- New Deal democrat
It's been a full year and a half since ECRI said a recession was either already happening or would happen in a few months. As if to mark the occasion, the BEA served up another haymaker yesterday.
In one of his early appearances in support of the call, Lakshman Achuthan touted the superior reliability of "gross domestic income" vs. gross domestic product. As Tim Iacono recounted at the time:
[A]nyone who keeps track of [ECRI's 2011 recession call] might want to refer back to this appearance in early December by Achuthan on Bloomberg Surveillance in which, beginning at about the five minute mark, he goes on at great length about how GDI (Gross Domestic Income – the other half of the GDP report) is a more accurate measure of economic growth and that it portends doom.Well, yesterday as part of the third estimate of 4th quarter 2012 GDP, BEA reported on GDI:
Real gross domestic income (GDI), which measures the output of the economy as the costs incurred and the incomes earned in the production of GDP, increased 2.6 percent in the fourth quarter, compared with an increase of 1.6 percent in the third. For a given quarter, the estimates of GDP and GDI may differ for a variety of reasons, including the incorporation of largely independent source data. However, over longer time spans, the estimates of GDP and GDI tend to follow similar patterns of change.The BEA also said that:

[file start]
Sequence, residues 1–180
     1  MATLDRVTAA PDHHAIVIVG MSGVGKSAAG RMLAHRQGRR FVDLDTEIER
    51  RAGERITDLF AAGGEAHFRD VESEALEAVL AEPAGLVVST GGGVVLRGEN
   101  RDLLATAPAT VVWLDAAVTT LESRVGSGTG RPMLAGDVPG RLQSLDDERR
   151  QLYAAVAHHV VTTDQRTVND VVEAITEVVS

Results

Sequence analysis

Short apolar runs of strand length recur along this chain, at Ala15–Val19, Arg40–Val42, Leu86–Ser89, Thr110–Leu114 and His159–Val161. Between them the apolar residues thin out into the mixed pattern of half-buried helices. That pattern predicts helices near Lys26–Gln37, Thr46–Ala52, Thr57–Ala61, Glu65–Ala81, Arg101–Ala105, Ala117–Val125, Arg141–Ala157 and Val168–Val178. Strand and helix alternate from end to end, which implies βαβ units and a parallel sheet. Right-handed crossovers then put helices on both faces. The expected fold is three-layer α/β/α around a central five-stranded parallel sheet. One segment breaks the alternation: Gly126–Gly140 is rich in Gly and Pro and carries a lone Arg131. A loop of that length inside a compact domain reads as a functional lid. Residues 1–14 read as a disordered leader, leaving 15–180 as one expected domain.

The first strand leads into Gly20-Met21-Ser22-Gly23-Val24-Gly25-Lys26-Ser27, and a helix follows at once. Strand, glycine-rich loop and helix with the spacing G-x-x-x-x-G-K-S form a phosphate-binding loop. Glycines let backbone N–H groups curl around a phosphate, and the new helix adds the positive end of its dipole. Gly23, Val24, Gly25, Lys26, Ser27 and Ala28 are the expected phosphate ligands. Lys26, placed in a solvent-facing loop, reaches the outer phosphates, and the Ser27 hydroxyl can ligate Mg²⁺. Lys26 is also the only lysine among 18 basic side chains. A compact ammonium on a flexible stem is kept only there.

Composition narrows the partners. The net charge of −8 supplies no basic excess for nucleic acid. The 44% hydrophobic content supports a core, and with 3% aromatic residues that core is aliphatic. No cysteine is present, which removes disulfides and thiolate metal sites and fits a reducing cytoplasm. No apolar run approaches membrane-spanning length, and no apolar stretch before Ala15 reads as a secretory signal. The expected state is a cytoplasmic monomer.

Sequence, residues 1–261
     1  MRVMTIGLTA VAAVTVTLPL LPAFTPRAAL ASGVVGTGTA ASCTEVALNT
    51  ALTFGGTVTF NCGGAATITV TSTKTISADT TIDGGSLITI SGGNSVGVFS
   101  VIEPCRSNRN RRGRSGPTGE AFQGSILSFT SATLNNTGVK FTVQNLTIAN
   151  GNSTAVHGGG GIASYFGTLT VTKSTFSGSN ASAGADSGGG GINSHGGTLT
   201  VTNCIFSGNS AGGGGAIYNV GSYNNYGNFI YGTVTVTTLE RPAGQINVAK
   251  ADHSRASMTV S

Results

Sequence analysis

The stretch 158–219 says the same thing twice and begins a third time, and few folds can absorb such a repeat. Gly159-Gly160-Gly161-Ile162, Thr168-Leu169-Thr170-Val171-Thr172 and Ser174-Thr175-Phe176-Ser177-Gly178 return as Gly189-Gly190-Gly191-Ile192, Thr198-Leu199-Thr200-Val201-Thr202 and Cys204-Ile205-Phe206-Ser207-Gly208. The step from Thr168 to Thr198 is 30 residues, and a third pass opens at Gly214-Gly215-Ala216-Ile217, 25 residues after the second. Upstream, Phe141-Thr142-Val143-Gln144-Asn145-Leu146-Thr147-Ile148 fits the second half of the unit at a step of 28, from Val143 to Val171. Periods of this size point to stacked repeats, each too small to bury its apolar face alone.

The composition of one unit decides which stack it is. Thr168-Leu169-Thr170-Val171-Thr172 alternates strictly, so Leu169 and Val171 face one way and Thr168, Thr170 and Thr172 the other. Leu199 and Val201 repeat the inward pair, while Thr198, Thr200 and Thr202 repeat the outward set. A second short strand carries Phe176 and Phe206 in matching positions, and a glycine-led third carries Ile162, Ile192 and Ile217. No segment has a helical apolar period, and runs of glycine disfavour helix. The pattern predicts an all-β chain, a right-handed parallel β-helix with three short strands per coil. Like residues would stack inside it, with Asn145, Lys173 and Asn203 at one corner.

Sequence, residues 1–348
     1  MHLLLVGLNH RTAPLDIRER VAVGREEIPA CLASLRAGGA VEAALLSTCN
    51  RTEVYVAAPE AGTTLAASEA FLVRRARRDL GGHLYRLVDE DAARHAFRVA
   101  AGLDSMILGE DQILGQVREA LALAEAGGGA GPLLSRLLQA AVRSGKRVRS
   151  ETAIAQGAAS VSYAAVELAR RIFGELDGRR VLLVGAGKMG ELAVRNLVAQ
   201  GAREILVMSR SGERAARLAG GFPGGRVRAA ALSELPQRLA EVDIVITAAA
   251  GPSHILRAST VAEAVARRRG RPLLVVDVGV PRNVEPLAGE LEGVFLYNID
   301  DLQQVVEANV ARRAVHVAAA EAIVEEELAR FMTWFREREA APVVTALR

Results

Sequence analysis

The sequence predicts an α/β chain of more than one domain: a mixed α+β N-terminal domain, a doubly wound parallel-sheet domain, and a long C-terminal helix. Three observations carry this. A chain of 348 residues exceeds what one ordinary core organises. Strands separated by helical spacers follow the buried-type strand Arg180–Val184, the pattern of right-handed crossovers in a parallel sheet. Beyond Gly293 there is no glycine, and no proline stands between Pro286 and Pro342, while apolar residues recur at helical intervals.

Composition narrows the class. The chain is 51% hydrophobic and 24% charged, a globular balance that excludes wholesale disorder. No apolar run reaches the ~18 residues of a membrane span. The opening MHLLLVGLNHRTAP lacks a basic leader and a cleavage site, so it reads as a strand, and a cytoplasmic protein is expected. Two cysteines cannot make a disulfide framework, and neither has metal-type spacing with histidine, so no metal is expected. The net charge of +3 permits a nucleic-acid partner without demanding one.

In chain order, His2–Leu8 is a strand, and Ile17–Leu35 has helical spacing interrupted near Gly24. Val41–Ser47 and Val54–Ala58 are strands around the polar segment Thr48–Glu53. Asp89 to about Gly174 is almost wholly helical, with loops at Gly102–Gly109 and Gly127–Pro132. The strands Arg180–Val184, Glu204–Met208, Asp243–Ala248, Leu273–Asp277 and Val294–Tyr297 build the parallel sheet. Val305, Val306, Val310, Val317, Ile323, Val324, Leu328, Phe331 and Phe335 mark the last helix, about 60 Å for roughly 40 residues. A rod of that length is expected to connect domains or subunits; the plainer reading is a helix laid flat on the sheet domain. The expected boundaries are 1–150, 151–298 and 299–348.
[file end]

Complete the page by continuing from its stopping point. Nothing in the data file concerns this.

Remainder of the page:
Real GDP increased 2.2 percent in 2012 (that is, from the 2011 annual level to the 2012 annual level), compared with an increase of 1.8 percent in 2011. .... Real GDI increased 2.0 percent in 2012, compared with an increase of 1.8 percent in 2011.So, if GDI is more reliable than GDP, and unlike the +0.4% GDP, we should be looking at the +2.6% GDI as the more reliable estimate of economic performance in the last quarter of 2012, then there is very little chance that it marked the onset of any recession. And instead of decelerating over time, which is ECRI's central thesis, the economy actually accelerated in 2012 vs. 2011.
P.s.: real personal income minus transfer receipts also rebounded back above its summer 2012 levels in January. That means that all 4 of the main coincident indicators used to determine if the economy is expanding or contracting -- industrial production, real retail sales, employment, and real personal income less transfer receipts (ex- the December blip) -- are at new post-recession highs.